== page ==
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How to convert your workspace to a standing desk for less than $100

Best office chairs for home and work
Best office chairs for home and work (Image credit: Windows Central)

Pretty much anyone who sits at a desk all day, hunched over a keyboard and mouse, knows how sore muscles and joints can get. There are plenty of studies floating around that confirm how awful sitting can be on the human body, and so a lot of people choose to stand while they work. It's not quite the same as running across the plains after a herd of deer, but it's better than being completely immobile. If you don't want to shell out a wad of cash on a brand new standing desk, there are some clever budget ways to convert your workspace.

DIY standing desk converter

While pre-made options offer an adjustable height and a more mobile build, you can go even cheaper by building something yourself. Originally created by Colin Nederkoorn and Ryan Witt, this standing mod made up of IKEA parts only costs about $21. Some stuff from the original plan is no longer available, but we can still get a working configuration.

First, you'll want to grab the IKEA Lack table (about $10) (opens in new tab). This is meant to be a side table, but it's perfect for holding a monitor about 18 inches inches above your existing desk.

See at IKEA (opens in new tab)

Next, a Laiva shelf and Valter brackets (altogether about $11) (opens in new tab) allow you to put everything together using wood screws. The brackets screw into the legs of the Lack table, and you have a spot for your keyboard and mouse that sits slightly lower than your monitor.

See at IKEA (opens in new tab)

Premade standing desk mods

Office suppliers understand that more and more people are waking up to the benefits of a standing desk, and many have begun creating desktop mods that raise your laptop or monitor, keyboard, and mouse to a height that's in line with you. Many converters cost hundreds of dollars, but there are a few that cost less than $100.

Executive Office Solutions adjustable laptop desk

Those of you who like to use an external mouse with your laptop will likely want to check out this lightweight aluminum desk addition from Executive Office Solutions (about $40) (opens in new tab). It has an extra platform to the right of the main stand (sorry, Lefties) for your pointer, and you can adjust the height thanks to scissor-action legs.

As an added bonus, you can plug the desk into your PC via USB to power two fans, perfect for any laptops that have a hard time staying cool when under load.

See at Amazon (opens in new tab)

UPERGO standing desk converter

Rather than having a forward tilt and a separate platform for an external mouse, this converter from UPERGO (about $70) (opens in new tab) has a large flat surface to hold your laptop, monitor, keyboard, and mouse. The scissor-action legs allow it to fold down flat, and the aluminum base keeps it sturdy.

The converter can raise your workspace between 2.2 inches and 16.9 inches, and the wood top will match just about any place you put it.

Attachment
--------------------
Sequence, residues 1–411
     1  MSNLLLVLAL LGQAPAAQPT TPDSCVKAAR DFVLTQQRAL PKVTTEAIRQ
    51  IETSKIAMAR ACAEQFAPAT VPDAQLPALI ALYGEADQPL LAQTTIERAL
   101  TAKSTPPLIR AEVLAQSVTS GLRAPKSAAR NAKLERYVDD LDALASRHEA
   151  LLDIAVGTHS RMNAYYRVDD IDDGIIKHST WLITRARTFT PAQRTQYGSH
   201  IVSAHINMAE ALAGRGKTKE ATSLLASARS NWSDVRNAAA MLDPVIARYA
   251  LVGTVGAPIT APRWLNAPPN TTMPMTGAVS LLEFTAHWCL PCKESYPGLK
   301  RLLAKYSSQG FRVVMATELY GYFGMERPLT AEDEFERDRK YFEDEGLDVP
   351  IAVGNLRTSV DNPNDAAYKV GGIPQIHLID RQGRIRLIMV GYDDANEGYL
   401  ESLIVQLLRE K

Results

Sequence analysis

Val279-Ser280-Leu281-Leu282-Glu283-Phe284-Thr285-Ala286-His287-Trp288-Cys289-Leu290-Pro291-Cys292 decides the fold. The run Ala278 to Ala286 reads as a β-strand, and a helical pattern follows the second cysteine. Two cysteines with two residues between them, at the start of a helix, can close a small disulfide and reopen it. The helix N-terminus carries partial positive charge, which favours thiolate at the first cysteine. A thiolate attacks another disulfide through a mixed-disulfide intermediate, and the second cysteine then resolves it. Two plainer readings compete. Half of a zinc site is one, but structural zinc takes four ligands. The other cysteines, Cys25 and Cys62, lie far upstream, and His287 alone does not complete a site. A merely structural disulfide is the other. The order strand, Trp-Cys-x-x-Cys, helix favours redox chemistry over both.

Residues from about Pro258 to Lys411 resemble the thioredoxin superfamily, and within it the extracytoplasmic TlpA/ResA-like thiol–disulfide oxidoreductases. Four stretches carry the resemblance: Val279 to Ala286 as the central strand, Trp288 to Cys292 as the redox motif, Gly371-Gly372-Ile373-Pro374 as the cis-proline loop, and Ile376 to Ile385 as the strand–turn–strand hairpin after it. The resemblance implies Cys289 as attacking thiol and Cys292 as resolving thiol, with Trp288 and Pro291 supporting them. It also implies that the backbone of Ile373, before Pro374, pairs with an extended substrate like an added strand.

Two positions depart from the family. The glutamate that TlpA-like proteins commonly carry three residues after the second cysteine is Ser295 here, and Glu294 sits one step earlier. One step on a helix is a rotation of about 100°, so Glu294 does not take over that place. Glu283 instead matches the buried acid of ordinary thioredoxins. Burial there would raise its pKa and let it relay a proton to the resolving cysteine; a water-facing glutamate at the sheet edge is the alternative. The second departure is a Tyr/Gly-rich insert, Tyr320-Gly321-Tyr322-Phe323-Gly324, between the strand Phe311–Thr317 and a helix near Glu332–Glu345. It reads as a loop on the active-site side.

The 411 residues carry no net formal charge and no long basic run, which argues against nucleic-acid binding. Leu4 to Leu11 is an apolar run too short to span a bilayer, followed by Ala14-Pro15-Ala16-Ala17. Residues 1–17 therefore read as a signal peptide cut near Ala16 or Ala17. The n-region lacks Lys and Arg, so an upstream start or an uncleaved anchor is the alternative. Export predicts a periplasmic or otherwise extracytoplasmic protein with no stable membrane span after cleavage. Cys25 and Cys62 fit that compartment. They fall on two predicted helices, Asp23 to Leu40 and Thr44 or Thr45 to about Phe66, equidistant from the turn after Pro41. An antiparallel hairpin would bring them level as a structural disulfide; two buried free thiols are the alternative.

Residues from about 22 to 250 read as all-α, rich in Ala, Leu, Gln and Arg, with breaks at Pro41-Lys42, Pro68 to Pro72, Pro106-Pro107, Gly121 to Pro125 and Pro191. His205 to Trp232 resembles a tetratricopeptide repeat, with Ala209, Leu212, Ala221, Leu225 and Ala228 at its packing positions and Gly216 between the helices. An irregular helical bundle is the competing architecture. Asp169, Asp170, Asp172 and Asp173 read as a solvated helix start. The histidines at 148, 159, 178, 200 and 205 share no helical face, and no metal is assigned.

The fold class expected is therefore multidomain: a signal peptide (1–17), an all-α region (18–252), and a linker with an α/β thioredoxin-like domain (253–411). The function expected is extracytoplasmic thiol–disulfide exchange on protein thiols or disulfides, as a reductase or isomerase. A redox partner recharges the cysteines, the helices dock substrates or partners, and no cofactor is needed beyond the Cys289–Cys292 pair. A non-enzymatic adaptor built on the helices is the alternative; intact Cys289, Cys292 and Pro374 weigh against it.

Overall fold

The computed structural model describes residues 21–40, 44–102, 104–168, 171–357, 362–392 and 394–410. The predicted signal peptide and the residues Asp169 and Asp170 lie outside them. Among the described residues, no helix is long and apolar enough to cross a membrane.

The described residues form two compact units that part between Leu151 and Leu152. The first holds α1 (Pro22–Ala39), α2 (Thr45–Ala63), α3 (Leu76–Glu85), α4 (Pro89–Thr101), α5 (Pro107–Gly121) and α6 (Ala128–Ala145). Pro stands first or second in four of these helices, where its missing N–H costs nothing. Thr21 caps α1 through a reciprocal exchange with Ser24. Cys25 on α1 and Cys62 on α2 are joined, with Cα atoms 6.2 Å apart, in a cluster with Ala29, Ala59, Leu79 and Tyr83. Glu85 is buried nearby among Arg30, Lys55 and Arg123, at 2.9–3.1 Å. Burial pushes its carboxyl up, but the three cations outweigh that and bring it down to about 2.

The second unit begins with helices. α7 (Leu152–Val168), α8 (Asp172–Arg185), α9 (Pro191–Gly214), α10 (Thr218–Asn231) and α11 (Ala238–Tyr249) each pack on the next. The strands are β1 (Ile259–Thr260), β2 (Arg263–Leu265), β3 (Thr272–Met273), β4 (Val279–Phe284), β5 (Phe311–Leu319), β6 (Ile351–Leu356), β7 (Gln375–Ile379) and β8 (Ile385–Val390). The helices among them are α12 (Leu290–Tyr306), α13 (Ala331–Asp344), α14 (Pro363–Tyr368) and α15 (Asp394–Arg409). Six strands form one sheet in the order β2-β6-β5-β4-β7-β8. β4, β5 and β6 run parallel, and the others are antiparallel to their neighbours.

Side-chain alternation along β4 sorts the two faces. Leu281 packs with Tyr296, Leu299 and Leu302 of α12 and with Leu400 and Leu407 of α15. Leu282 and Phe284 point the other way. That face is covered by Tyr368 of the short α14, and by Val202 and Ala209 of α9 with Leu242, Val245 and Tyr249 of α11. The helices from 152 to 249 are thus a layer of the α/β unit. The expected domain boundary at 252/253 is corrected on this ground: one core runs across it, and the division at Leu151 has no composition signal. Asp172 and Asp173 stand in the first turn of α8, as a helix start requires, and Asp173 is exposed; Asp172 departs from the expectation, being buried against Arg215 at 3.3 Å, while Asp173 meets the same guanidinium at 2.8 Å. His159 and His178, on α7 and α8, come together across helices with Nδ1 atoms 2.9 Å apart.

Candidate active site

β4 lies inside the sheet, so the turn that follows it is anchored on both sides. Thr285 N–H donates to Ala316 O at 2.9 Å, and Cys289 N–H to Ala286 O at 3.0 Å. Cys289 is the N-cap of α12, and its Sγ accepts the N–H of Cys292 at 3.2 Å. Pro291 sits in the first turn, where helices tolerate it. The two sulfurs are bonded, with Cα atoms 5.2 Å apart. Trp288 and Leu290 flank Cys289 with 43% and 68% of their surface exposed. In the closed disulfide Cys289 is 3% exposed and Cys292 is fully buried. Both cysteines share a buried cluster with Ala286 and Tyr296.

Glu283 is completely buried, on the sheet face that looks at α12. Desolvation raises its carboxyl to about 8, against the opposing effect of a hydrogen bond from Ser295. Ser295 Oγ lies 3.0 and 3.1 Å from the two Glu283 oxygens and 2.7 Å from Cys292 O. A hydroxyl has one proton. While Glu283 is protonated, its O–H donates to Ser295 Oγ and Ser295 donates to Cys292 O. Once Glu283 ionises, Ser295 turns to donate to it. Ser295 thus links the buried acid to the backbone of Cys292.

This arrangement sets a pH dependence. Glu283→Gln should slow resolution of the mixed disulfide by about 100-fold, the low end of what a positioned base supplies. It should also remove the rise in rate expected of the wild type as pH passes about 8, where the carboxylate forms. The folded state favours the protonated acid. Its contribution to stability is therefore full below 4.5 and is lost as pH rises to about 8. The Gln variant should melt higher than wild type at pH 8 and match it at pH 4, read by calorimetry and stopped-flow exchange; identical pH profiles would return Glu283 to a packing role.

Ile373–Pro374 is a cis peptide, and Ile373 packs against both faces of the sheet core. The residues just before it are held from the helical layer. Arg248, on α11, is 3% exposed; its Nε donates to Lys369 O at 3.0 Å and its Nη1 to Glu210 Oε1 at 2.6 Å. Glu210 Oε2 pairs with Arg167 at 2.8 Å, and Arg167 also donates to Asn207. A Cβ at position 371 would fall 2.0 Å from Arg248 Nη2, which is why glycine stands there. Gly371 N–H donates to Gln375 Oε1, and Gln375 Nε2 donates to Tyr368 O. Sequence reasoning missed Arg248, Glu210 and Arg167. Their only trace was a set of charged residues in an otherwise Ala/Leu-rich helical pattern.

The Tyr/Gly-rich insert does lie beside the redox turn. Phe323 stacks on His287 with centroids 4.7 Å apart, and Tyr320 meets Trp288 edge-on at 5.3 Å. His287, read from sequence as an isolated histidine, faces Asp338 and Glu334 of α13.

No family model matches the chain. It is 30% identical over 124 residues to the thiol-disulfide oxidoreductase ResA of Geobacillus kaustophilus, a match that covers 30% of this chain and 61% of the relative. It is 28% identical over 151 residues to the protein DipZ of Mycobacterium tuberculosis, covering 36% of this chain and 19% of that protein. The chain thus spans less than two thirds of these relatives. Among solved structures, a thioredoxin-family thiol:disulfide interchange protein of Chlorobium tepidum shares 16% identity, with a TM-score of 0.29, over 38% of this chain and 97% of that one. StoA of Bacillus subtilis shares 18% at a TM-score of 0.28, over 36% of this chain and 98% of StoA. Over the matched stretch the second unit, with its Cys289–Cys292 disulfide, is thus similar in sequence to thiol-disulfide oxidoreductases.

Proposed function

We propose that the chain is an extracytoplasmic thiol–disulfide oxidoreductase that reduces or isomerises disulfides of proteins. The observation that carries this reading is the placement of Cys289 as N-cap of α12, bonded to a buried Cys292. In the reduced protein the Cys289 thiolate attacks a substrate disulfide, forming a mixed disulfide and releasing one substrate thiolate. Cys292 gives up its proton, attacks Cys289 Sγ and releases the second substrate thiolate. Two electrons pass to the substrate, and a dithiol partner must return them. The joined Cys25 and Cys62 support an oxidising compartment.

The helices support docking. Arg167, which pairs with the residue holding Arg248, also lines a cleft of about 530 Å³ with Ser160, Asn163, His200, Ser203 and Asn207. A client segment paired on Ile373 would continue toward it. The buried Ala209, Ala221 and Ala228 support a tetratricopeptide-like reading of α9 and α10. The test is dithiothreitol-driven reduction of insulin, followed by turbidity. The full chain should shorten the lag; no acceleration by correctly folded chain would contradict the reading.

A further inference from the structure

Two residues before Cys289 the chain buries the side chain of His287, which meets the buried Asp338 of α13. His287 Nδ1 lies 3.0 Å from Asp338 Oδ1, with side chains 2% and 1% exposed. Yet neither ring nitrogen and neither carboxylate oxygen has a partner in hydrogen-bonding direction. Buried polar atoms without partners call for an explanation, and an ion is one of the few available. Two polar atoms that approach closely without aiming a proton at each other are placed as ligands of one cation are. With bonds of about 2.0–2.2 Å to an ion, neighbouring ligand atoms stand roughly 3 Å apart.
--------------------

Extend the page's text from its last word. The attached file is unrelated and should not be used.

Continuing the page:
See at Amazon (opens in new tab)

SONGMICS bamboo standing desk

If an aluminum converter seems a bit too harsh to fit into your workspace, SONGMICS makes a bamboo option (about $100) (opens in new tab) that includes an adjustable monitor stand and keyboard and mouse deck.

Two legs with multiple slots in them allow you to configure the shelves how you want, adding up to about 18 inches of extra height. The entire thing weighs only about 12 pounds but can support up to about 41 pounds of your office devices and accessories.

See at Amazon (opens in new tab)

Ergodriven Spark

For those unsure of whether or not they want to take the standing desk plunge, the Spark from Ergodriven (about $25) (opens in new tab) provides you with a bundle of cardboard that you assemble into a desk converter. Cardboard might not seem like the best brace for your expensive laptop, but it's actually quite sturdy when assembled properly.

Choose from three sizes based on your physical height, and don't worry if standing isn't for you. The Spark can easily be broken down and recycled.

See at Amazon (opens in new tab)

More resources

We all sit sometimes, so why not make the best of it? Have a look at these roundups of the best office chairs on the market.

Cale Hunt
Senior Editor, Laptop Reviews

Cale Hunt is a Senior Editor at Windows Central. He focuses mainly on laptop reviews, news, and accessory coverage. He's been reviewing laptops and accessories full time since 2016, with hundreds of reviews published for Windows Central. He is an avid PC gamer and multi-platform user, and spends most of his time either tinkering with or writing about tech.

1 Comment
  • I've been using the Spark for 8 months or so and it's pretty amazing. I was super skeptical of a cardboard standing desk, but it's wildly sturdy and I haven't had any issues with it. Definitely worth the $25, even if it needs replacing at some point.